Aerial of Eldborg
Aerial of Eldborg, a volcano that is 100m above sea level and 60m deep from top to bottom.

There’s no surviving a forced landing on such terrain, save to put down on the road. Off to our left, at the far tip of the Snaefellsnes peninsula, the massive glacier on which Jules Vern based his novel Journey to the Centre of the Earth coyly hid under a mantle of cloud, revealing just a glimpse of brilliant white skirt. The colors of moss, lichens, and dramatically red craters passing beneath our plane, combined with stunning gorges and waterfalls, made for a memorable flight. The cost for 2.9 on the Hobbs in Iceland?  A cool $1,060 Canadian! This was the regular aviation price, we learned. How on earth do those Icelandic student pilots afford it?

View of Reykjavik airport, with cranes at the end of a runway recently (and permanently) closed to accommodate the construction of a hotel.










Scooter rental, La Palma, Canary Islands

Lush banana plantations waving in warm sea breezes, the sharp fragrance of eucalyptus in the hot sun, the bone-shuddering cold of the windy, winding, cloud-covered mountains… exploring the gorgeous volcanic island of La Palma by moto is a wonderful feast for the senses.

Coastal sea caves
Coastal views

Stretching over 706 square kilometres and reaching up to 2,426 metres above sea level, La Palma lies in the northwest of the Canary Islands. Scooter rental for 3 days cost us 35 Euros per day (the longer you rent it for, the cheaper the price per day).  We rented from a little blue and white shop located right at the entrance to the port in Santa Cruz de la Palma, within walking distance from the main tourist information centre, at the very southern end of Avenida Maritima: Smily Bike rental  (they rent mainly bicycles, but have a few scooters, too).

Iglesia del Salvador
Iglesia del Salvador, Santa Cruz de la Palma

The scooter’s storage/carrying case behind the passenger seat, plus the storage space under the seat, was plenty of room for two towels, bathing suits, snacks, water bottles, and spare clothes, most of which we ended up wearing in layers due to the wind chill factor when up in the hills, away from the warm sea-level breezes.  In fact, that brings me to Tip #1….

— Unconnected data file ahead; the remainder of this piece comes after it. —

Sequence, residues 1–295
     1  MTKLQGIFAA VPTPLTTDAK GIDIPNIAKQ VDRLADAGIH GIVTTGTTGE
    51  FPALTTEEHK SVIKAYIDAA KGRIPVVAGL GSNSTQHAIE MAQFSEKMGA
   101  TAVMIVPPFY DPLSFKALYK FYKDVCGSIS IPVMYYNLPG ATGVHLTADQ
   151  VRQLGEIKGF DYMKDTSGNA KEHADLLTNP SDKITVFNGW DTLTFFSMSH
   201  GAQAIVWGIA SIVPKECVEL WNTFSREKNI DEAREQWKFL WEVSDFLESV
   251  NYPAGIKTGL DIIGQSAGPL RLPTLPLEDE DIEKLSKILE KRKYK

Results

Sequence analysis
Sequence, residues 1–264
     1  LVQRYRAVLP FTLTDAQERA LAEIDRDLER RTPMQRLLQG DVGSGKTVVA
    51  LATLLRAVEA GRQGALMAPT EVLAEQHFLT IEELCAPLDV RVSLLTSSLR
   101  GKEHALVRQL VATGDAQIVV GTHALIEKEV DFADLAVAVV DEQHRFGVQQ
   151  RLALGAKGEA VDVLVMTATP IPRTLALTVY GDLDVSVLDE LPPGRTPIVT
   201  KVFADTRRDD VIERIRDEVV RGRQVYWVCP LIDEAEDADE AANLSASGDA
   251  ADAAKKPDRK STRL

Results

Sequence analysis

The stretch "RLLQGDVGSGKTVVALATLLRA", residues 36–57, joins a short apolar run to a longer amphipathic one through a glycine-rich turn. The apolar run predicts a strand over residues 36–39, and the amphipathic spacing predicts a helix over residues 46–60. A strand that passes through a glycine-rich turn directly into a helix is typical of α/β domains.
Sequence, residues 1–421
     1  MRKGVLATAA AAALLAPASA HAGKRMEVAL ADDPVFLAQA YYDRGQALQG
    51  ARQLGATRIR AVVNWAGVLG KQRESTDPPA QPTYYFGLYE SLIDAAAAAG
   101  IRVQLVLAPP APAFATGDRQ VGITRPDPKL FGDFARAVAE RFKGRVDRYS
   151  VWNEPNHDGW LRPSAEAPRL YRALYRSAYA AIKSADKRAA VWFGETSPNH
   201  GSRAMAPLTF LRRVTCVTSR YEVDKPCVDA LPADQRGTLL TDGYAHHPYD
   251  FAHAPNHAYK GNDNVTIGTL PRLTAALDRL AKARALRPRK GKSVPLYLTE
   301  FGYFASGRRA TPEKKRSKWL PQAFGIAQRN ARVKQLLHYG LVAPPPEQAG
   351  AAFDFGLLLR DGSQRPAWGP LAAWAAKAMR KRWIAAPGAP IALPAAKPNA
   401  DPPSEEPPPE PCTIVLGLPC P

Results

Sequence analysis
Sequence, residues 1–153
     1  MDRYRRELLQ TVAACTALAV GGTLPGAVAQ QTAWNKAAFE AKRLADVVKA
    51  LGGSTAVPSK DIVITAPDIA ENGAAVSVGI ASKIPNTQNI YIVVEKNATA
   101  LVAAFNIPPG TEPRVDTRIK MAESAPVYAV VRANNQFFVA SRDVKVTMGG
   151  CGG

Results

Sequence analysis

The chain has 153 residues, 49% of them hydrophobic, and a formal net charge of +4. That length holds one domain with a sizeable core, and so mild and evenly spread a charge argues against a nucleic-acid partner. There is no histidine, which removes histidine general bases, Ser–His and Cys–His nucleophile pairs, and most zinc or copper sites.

Cobbled streets
The cobbled streets of the old centre of Santa Cruz de la Palma

Tip #1–Dress Warmly! Yes, there are blue skies and hot sunshine and warm breezes at sea level when you pick up your moto in Santa Cruz, but as soon as you start climbing into the 2000 foot range, (immediately upon heading north or west from Santa Cruz) it is shockingly cold.  Teeth chatteringly, get-me-into-a winter-coat, cold.  I can’t emphasize this enough. Hoodies, sweaters, pants, jackets… all of these are required for travelling the island by scooter.

What NOT to wear-it's cold in those mountains
We  found ourselves frantically pulling over and layering up not ten minutes into our adventure because of the shocking cold due to wind-chill and elevation.

Tip #2–Make a plan before you hop on and roar off.  There are a surprising amount of stops en-route, and because signage is sparse and all in Spanish, it’s easy to zoom by something of interest.  It was an eye-opener realizing how few people speak English on this little island.  German, yes.  French, un petit peu.  English?  Rare. (For instance, we communicated with our friendly airbnb host solely through Google translate and hand gestures).  Because the island is small, there is the illusion one can zip around it quickly–but it is a mountainous, winding-route island, which one needs to take into account when travelling on a 125cc scooter. Maps are available for free at the information centre as you leave the airport, and again at the tourist centre in town.

The natural sea-water pools at Charco Azul


Tip #3–Plan ahead where you’re going to park for the night, if home-base is in the centre of Santa Cruz de la Palma.  Steep, narrow, cobbled streets mean parking spaces are severely limited.  After business hours each evening, when parking-time becomes unlimited and free until morning, it is quite an experience being in the local traffic as cars zip furiously into any and all available spots on the flat Avenida Maritima.

Mirador Jardín de Las Hespérides